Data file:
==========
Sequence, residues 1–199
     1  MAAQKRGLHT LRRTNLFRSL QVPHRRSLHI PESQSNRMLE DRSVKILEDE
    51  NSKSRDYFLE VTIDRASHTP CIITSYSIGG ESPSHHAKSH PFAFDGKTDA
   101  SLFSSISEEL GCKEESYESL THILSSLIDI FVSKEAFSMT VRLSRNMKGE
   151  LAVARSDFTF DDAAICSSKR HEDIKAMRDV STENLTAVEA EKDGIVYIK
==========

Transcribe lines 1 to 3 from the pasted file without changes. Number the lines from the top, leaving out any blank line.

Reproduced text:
Sequence, residues 1–199
     1  MAAQKRGLHT LRRTNLFRSL QVPHRRSLHI PESQSNRMLE DRSVKILEDE
    51  NSKSRDYFLE VTIDRASHTP CIITSYSIGG ESPSHHAKSH PFAFDGKTDA